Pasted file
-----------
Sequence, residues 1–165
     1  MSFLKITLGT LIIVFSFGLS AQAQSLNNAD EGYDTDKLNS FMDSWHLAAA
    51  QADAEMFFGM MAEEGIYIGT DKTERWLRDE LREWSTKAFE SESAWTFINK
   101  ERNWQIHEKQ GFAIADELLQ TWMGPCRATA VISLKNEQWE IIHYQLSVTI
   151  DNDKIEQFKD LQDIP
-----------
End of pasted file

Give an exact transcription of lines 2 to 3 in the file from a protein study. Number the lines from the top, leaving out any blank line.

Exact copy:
     1  MSFLKITLGT LIIVFSFGLS AQAQSLNNAD EGYDTDKLNS FMDSWHLAAA
    51  QADAEMFFGM MAEEGIYIGT DKTERWLRDE LREWSTKAFE SESAWTFINK